No doubt, Pakistan is bestowed with numerous natural gifts and the most significant one is its highly strategic geographical location that will make it hub of foreign trade and connectivity. Pakistan is a gateway to Central Asian Republics and Afghanistan and it has been learnt that Central Asian countries are approaching Pakistan for trade facilitation in Gwadar and Bin Qasim seaports. On the other hand, Iran-Pakistan-China cooperation offers an opportunity for optimistic trilateral cooperation under BRI initiative. Financial & other forms of cooperation have a potential of increased development. CPEC would provide a new route for Iranian oil & gas resources to China. Despite the disruptions caused by Covid-19, CPEC is not only being implemented as outlined but also appears to have picked up pace after the launch of CPEC Authority in October 2019. The experts also reveal that CPEC related activities witnessed an impetus and it is evidenced from the approval of PC-I for Main Line-I from ECNEC, operationalization of KKH Phase-II, approval of PC-I for M-6, signing of concession contracts for 1,124 mw Kohala HPP and 701 mw Azad Pattan HPP, commencement of power generation through China Hub 1,320 mw and 660 mw Engro Thar power plants, approval of Master Plan for Gwadar Smart City, groundbreaking of Allama Iqbal Industrial City, signing of Development Agreement of Rashakai SEZ and significant developments on numerous Socio-Economic, Agricultural and Gwadar related projects. After overcoming the important energy and other infrastructure related deficits, the second phase of CPEC focuses on the industrial cooperation, agricultural development and other socio-economic related projects aimed at improving the livelihood of local masses.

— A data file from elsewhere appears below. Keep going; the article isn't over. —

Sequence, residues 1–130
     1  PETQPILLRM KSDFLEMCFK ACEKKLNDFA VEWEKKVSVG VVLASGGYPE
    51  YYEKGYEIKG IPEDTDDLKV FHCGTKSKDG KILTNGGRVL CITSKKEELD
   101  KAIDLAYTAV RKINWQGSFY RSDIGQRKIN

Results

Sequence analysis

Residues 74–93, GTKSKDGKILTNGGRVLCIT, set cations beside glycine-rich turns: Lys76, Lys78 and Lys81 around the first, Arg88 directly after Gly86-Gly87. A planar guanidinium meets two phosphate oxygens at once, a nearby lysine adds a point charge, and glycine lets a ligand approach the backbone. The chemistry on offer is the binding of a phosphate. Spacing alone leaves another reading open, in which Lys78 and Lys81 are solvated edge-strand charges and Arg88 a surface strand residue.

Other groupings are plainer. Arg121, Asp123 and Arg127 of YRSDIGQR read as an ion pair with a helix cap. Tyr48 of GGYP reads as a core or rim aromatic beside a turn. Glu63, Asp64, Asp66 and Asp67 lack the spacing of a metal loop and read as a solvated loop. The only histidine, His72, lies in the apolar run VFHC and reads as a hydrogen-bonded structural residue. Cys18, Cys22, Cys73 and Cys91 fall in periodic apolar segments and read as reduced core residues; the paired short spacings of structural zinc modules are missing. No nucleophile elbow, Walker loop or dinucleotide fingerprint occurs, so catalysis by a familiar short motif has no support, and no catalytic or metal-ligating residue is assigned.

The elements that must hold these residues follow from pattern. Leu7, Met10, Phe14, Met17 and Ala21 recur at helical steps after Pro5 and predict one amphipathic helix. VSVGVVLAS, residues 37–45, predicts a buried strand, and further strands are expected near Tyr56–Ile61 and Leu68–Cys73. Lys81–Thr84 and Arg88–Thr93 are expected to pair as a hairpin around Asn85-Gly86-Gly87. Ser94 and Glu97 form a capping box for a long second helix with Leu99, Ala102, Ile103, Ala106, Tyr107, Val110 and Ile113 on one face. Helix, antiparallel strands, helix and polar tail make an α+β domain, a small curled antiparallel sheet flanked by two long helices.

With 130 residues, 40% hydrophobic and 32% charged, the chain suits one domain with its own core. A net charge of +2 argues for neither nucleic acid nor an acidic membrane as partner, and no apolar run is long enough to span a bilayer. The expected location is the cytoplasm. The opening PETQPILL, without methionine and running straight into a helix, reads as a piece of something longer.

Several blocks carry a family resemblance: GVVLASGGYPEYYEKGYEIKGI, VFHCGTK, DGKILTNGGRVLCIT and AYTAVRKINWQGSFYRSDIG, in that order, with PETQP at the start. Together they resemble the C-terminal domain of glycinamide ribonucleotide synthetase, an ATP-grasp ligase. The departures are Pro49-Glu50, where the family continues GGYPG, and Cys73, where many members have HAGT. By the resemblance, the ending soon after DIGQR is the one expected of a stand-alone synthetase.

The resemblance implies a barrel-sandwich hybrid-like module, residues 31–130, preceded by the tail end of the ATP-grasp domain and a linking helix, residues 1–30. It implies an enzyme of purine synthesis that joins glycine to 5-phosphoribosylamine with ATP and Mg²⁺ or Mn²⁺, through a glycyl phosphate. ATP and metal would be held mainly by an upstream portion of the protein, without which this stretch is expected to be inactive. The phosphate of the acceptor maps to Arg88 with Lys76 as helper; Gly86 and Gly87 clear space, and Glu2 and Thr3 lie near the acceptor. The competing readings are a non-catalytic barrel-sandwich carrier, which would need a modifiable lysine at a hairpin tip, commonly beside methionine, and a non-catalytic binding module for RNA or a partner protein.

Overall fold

According to the World Bank’s current report on the impact of the Covid-19 on South Asian economies has predicted that Pakistan’s economy would only increase through only 0.5 percent in the upcoming fiscal year. Furthermore Pakistan, also other states in the region, has been badly affected through the Covid-19, causing a downturn in economic activity. The restrictions imposed to stop the spread of the Covid-19 last year, and Pakistan’s previous economic woes are said to have caused a 1.5 percent contraction in the country’s economic growth rate in the previous fiscal year. The World Bank also predicts an average growth of 1.3 percent for the economy in the next two years, which is an improvement on previous expectations. However, this still falls significantly below growth potential sans-pandemic. The weak economic prospects for Pakistan through the World Bank hinge on factors like a crippled services sector, which makes up half of Pakistan’s economic output and is particularly vital to lower income household. This is also the reason behind a projected increase in poverty in the nation as lower-class citizens find themselves without work or a stable source of income.